In addition, state Attorney General Bob Ferguson filed a motion Friday asking the high court to delay the effect of its decision by 120 days so the state can implement a plan to ensure alternative care is available.
On Aug. 7, the Supreme Court ruled that the practice known as "psychiatric boarding," or holding mentally ill patients in emergency rooms, was unlawful. The state estimates the ruling applies to about 200 people.
The state's understanding is that is has until Aug. 27 to move the patients.
Jane Beyer with the state Department of Social and Health Services said 10 beds have already been secured at Eastern State Hospital. With Inslee's help, the agency has identified and secured funding for as many as 145 more beds, she said.
Fifty of those beds will be available within 20 days, and 95 additional beds will be available in the next 120 days, Beyer said.
"We are working as quickly as we can to find beds and resources for impacted patients. These additional beds are an essential interim step as we work on a long-term solution," the governor said in a statement.
Beyer said the request for a stay "does not challenge the upper-court ruling, it simply asks for more time as it will take several months to open enough evaluation and treatment beds to accommodate the current demand."
Ferguson said "a broad coalition" of hospitals, health care organizations and disability rights groups joined in his motion.
"My office wants to ensure the state is able to implement the court's decision in a way that protects vulnerable individuals, public safety and health care providers," the attorney general said in a statement released Friday evening. "No one would benefit from the release of people in mental health crisis without treatment. We hope the court will see the broad consensus in support of this motion and grant it."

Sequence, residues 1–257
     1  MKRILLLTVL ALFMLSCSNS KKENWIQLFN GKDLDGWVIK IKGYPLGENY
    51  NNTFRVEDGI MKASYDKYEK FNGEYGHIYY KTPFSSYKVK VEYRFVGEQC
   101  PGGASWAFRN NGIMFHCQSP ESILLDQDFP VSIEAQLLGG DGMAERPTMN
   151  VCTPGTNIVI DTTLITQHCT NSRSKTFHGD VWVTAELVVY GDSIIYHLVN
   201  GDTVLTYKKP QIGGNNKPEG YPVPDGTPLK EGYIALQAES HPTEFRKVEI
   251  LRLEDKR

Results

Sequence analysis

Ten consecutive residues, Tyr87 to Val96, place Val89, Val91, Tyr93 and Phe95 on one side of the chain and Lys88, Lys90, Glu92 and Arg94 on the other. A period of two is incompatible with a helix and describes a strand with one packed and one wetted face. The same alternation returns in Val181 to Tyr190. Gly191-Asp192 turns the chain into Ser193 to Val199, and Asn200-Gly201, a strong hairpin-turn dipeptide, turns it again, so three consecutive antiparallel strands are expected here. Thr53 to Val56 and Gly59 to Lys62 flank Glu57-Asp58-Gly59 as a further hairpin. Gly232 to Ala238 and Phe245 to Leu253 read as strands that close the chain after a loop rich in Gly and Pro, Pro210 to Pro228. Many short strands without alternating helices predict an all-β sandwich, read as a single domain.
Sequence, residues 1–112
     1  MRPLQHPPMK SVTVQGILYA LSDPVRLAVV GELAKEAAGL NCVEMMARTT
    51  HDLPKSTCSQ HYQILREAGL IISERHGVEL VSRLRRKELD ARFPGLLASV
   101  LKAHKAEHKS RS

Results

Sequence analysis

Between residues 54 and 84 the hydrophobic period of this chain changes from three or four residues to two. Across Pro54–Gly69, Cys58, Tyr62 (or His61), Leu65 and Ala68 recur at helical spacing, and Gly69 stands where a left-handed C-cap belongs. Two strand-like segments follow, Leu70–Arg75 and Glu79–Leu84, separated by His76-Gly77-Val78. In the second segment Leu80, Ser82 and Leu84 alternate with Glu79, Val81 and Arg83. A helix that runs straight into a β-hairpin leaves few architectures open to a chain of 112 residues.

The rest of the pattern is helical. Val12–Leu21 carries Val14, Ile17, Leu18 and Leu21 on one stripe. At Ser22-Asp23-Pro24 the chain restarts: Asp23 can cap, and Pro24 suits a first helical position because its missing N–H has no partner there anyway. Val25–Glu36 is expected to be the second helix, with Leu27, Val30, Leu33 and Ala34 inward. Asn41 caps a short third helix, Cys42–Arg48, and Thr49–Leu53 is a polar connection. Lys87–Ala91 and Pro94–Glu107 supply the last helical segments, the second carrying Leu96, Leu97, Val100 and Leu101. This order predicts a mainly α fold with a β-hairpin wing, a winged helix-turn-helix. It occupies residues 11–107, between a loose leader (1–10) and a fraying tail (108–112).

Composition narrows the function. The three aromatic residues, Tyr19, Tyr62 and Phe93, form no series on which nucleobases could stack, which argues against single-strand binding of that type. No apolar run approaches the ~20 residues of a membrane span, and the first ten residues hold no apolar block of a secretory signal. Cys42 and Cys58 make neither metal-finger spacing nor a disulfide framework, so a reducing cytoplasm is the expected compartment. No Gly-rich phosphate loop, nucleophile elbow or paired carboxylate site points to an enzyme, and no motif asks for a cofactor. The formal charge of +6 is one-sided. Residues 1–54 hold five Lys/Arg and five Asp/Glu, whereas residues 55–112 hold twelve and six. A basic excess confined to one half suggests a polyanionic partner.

The justices ruled that mentally ill patients who are involuntarily committed cannot be "warehoused" in emergency rooms or acute care centers as a way to avoid overcrowding certified mental health facilities. Patients have a right to adequate care and individualized treatment, and state law required they be detained in certified evaluation and treatment facilities, the court said.
The state's involuntary-treatment law passed in 1973 allows people to be committed to a mental hospital or institution against their will for a limited period of time. The purpose is to evaluate and treat people with a mental disorder who may be gravely disabled or pose a danger to themselves.
The state has been using "single-bed certifications" as a way to temporarily hold involuntarily committed people in hospitals that aren't certified to evaluate or treat their mental illness.
Beyer said the extra time requested will enable the Department of Social and Health Services to work with the governor's office and the Legislature, legislative staff, Office of Financial Management and private care providers to develop a long-term solution to the shortage of psychiatric care.
The department's mental health program will have to seek a supplemental appropriation in the 2015 budget to avoid other mental-health reductions in this fiscal year, the agency said.